I don’t see the Reality she sees. I glimpse it on occasion, but not with the clarity she sustains. But I do see her clearly. I trust her completely and therefore am watching the veil that has always separated the two parts of my nature begin to lose its opaqueness.

At times in our decades together I have led the way. Now it is Nancy who leads and I who gladly and gratefully follow. As these later years unfold, I sense that my own rational nature – a part of me I do not at all despise – will be joined more assuredly with my deeper, Tao nature. As the veil thins I look forward to a deeper integration of the seen and the unseen. I don’t see all that clearly at the moment, but I know someone who does. I have trouble trusting, but I know someone who trusts completely. I am a lucky man.

I’m Too Old For This S…

The Tao has no preference
for one thing over another.
Everything belongs, without distinction.
Therefore it never tires
and is always new and fresh.
We, of course, make distinctions, 
exhausting ourselves by preferring this, 
and disdaining that;
clinging here and avoiding there.
How sad, for we were made for quiet peace and joy.

The Tao Te Ching - Chapter 5

As Shakespeare once said,
(He must have, somewhere in his works)
“I’m too old for this shit.”

Thing is, I’m discovering that I actually really am.
I spent thirty minutes yesterday shoveling snow,
clearing a path between the cabin and the motor home.
I spent the rest of the day recovering
and today I’m still tired, and still it snows.
(As, of course, it should this time of year.)

As I sit and watch the flakes pour down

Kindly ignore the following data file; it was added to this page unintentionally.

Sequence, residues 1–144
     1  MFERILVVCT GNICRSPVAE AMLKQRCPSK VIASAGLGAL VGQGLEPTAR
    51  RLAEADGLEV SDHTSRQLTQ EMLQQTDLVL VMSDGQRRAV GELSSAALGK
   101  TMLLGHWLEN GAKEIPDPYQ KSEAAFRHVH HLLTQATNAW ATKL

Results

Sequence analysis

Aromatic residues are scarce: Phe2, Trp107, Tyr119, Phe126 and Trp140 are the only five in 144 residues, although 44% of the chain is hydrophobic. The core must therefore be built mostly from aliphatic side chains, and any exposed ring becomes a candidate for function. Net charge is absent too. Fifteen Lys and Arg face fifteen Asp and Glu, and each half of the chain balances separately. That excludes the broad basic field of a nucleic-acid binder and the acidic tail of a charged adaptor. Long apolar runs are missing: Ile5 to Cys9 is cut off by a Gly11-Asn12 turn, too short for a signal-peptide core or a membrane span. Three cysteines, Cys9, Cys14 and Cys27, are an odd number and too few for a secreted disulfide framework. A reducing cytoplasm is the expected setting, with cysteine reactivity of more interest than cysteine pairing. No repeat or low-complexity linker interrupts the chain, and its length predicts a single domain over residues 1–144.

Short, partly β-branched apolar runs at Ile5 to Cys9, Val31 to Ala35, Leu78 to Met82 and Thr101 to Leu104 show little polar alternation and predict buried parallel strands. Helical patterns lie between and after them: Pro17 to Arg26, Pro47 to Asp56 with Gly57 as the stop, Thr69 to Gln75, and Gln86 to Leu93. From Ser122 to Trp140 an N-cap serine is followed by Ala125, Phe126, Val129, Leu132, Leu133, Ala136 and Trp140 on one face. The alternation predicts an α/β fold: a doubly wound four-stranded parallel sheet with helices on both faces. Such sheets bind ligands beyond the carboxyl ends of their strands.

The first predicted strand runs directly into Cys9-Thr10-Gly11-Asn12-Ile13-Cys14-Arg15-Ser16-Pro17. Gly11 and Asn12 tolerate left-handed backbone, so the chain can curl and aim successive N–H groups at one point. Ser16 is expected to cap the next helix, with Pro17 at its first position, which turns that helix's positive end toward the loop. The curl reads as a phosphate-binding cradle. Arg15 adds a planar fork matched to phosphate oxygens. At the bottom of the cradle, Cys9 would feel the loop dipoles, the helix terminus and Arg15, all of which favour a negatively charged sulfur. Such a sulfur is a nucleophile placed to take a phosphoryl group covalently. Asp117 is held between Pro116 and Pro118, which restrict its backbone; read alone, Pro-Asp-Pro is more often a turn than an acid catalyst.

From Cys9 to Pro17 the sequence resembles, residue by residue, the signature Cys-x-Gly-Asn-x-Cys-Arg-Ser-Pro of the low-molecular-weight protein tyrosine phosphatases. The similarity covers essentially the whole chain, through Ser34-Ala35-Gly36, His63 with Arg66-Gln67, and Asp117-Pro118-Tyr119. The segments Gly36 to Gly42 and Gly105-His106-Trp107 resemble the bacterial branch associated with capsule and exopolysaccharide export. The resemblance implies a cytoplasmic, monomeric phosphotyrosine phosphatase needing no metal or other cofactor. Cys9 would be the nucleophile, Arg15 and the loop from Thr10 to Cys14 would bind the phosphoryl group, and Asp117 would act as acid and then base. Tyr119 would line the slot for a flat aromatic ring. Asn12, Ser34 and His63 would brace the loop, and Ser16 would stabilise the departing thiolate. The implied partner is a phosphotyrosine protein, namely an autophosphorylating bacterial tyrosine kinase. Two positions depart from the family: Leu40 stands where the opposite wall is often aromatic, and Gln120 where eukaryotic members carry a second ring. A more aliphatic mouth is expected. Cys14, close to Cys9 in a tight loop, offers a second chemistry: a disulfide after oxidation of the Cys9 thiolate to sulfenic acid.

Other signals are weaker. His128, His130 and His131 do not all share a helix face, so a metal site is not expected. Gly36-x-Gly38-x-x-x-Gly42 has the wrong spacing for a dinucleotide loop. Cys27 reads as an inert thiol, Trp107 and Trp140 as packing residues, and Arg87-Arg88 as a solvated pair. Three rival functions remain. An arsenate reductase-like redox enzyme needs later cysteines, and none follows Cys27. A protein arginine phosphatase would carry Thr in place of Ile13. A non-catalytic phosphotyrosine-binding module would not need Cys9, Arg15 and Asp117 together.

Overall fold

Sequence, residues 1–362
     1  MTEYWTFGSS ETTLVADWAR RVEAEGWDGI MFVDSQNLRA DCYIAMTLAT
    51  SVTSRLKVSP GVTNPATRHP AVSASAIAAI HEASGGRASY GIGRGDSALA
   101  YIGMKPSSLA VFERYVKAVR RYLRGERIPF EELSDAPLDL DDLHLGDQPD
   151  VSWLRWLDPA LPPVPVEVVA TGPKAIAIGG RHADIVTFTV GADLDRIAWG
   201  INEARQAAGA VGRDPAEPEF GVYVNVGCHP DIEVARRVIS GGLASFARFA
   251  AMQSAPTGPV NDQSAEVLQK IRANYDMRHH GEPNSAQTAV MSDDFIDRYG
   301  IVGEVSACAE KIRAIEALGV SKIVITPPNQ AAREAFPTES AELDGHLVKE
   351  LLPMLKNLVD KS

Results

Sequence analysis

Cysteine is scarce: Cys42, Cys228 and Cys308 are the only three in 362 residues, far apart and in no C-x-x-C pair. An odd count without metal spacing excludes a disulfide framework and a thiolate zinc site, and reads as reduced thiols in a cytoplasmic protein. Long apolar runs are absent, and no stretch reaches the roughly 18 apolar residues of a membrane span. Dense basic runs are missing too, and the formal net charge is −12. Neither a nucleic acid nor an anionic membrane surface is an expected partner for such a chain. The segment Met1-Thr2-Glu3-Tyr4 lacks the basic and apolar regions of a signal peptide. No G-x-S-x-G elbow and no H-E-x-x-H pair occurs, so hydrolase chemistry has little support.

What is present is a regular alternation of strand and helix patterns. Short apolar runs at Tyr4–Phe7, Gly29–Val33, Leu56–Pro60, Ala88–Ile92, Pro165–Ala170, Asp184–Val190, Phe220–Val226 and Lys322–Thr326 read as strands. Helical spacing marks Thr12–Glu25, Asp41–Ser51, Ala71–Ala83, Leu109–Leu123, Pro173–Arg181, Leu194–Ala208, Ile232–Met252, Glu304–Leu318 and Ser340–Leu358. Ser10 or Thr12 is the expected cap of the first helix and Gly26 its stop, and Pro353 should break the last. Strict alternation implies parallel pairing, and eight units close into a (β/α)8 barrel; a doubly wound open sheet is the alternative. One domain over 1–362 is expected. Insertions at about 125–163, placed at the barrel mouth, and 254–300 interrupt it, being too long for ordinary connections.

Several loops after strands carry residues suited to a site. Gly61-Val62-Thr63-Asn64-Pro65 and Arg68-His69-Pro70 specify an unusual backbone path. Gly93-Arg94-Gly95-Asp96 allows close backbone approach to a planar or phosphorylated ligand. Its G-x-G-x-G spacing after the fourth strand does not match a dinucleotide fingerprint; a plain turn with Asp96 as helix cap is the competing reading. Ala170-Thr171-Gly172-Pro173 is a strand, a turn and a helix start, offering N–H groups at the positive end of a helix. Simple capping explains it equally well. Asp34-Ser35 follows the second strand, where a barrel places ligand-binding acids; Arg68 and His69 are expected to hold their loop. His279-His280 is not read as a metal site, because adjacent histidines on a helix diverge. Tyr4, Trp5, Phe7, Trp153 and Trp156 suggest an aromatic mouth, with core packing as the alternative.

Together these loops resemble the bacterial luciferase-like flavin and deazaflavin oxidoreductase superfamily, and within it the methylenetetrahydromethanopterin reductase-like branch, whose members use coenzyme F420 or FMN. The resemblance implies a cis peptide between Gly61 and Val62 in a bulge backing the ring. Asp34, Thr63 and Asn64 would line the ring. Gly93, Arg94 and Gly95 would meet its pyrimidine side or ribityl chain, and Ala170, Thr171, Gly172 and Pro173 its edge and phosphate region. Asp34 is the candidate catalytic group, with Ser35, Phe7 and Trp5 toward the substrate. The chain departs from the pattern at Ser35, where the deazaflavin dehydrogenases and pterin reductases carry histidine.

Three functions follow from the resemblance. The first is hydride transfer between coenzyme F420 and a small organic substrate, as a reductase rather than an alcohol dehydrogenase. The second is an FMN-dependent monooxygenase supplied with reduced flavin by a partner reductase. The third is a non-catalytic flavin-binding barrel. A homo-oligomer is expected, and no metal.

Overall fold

to erase yesterday’s work, I am subdued.
No amount of good health,
and I am quite truly in good health,
can cover the reality of seventy-seven years.
My life will need to change in the coming year.
(Is there no end to transitions?)
I can’t caretake a mountain property any more.

Somewhere inside is a small voice,
difficult to hear amidst the noise,
that whispers:
“The best is yet to come, but it won’t be the same old illusion
of imperviousness and endless energy.
It will be quiet and unobtrusive,
with no need to impose a thing upon the world.
You really are too old for this shit.
It’s time to leave the shit behind
and find what lies beneath.”

Still, it’s sad somehow.
You know the feeling.
We all do.
That’s why we come together
in all the ways we can.

I Belong to This

The universe appears as mostly empty space. 
Yet it is filled with a hidden
and inexhaustible energy
that has existed since before the beginning
of beginning-less time.
So we can relax and let our tension drain away, 
for we belong to this.

The Tao Te Ching, Chapter 4

Trust is becoming more central to my life.
It’s not that I think my every whim will be indulged,
it’s that I trust that I belong,